Can Academic Coaching Improve Marginal College Students' Academic and Labor Market Outcomes?
Early Career Research Award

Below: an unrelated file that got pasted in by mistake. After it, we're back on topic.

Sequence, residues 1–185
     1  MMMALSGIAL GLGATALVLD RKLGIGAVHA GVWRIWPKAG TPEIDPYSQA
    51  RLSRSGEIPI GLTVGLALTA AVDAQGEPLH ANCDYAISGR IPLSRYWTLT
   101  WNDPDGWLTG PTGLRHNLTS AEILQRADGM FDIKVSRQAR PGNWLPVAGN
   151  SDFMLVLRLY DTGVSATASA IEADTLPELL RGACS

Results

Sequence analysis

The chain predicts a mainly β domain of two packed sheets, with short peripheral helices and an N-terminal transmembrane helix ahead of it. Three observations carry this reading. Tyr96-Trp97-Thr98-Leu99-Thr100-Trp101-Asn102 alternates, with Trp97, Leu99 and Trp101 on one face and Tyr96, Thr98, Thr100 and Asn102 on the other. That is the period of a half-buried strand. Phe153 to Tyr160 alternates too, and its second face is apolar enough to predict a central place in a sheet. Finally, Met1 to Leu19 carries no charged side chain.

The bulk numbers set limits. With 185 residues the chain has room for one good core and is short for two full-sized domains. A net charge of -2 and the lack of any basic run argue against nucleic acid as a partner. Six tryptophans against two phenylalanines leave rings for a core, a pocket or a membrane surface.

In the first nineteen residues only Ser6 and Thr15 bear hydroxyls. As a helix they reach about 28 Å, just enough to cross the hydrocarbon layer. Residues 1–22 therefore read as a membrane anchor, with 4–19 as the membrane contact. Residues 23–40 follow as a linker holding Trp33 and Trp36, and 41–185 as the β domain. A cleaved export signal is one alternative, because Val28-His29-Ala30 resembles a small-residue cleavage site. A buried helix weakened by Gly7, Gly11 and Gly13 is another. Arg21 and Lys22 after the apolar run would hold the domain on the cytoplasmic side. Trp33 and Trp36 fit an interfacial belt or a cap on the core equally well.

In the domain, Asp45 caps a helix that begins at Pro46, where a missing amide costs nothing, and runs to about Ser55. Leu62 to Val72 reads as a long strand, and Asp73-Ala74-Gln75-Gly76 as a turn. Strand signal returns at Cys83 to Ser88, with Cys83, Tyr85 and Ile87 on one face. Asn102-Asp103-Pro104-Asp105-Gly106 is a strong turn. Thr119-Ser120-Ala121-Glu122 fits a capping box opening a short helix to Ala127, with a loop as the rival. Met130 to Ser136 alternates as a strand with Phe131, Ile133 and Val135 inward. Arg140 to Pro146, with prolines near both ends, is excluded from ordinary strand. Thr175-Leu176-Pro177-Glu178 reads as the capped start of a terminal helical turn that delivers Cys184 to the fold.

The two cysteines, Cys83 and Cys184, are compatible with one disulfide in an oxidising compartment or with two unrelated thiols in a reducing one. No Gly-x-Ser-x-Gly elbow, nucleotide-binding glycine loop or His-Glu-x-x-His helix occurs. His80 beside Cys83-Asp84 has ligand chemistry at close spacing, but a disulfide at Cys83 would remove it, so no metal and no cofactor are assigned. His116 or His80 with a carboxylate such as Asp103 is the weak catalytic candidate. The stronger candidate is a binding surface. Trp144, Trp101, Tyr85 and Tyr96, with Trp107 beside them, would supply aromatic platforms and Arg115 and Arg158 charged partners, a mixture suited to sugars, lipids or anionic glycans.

In this project, we evaluate an academic coaching program aimed at improving lower-performing college students’ academic performance. To establish a causal link between mentoring and students’ future outcomes, we leverage a unique aspect of the mentoring program at Cal Poly State University, San Luis Obispo. This program effectively randomized students into mentoring groups based on first quarter GPA enabling us to investigate whether coaching impacted students’ attrition, graduation and labor market outcomes. Importantly, we make two unique contributions in this project. We are one of the very few papers to focus on the causal link between college mentoring and labor market outcomes. Indeed, we are currently in the process of acquiring and matching California unemployment insurance records to our student level data enabling us to track the labor market outcomes of all students affected (and unaffected) by the program. Additionally, the coaching program we study specifically targets lower-performing students. As a result, findings from this project may help provide practitioners and policymakers with an effective blueprint for the design of mentoring programs aimed at enhancing lower-performing college students’ success and integration into the labor market. It also serves to add to our understanding of the college interventions that work best for less-prepared students.